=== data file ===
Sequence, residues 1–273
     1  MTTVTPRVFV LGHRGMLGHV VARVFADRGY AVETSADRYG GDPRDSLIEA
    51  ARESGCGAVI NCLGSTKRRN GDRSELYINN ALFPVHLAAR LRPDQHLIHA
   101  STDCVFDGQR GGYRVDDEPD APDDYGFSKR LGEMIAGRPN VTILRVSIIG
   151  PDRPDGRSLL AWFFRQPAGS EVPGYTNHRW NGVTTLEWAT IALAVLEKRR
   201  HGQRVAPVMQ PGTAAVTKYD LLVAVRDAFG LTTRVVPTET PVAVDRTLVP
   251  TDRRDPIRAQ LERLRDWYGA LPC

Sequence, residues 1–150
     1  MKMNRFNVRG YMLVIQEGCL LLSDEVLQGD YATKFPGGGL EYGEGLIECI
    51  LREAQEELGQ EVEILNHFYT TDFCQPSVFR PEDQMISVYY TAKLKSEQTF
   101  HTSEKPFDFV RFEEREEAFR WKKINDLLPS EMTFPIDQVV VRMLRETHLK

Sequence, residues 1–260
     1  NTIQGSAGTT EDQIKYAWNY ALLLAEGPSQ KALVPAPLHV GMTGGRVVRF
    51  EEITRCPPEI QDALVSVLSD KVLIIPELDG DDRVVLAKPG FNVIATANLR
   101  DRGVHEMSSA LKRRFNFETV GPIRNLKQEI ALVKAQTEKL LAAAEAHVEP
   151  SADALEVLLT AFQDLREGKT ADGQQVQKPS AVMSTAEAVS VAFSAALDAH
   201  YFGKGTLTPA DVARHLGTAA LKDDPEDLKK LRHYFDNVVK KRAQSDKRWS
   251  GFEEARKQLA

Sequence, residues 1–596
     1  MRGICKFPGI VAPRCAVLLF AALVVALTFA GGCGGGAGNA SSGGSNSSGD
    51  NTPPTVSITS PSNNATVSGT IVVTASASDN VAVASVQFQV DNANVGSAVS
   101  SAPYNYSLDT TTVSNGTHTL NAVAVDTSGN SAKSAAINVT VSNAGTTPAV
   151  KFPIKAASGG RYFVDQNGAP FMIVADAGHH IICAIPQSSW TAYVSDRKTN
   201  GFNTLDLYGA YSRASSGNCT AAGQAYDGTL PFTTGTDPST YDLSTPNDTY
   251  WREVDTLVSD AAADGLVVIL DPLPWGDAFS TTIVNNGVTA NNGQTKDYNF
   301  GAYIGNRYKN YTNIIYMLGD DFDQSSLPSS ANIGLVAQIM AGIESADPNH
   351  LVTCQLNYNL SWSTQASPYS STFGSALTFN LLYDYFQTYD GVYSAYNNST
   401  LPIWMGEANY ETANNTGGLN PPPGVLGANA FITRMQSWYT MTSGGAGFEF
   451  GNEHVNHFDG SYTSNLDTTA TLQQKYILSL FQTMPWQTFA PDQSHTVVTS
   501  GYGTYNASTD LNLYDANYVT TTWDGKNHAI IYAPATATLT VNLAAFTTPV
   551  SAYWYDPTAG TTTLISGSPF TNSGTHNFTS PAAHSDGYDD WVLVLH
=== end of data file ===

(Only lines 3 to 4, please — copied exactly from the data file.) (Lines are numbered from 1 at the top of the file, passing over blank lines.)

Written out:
    51  ARESGCGAVI NCLGSTKRRN GDRSELYINN ALFPVHLAAR LRPDQHLIHA
   101  STDCVFDGQR GGYRVDDEPD APDDYGFSKR LGEMIAGRPN VTILRVSIIG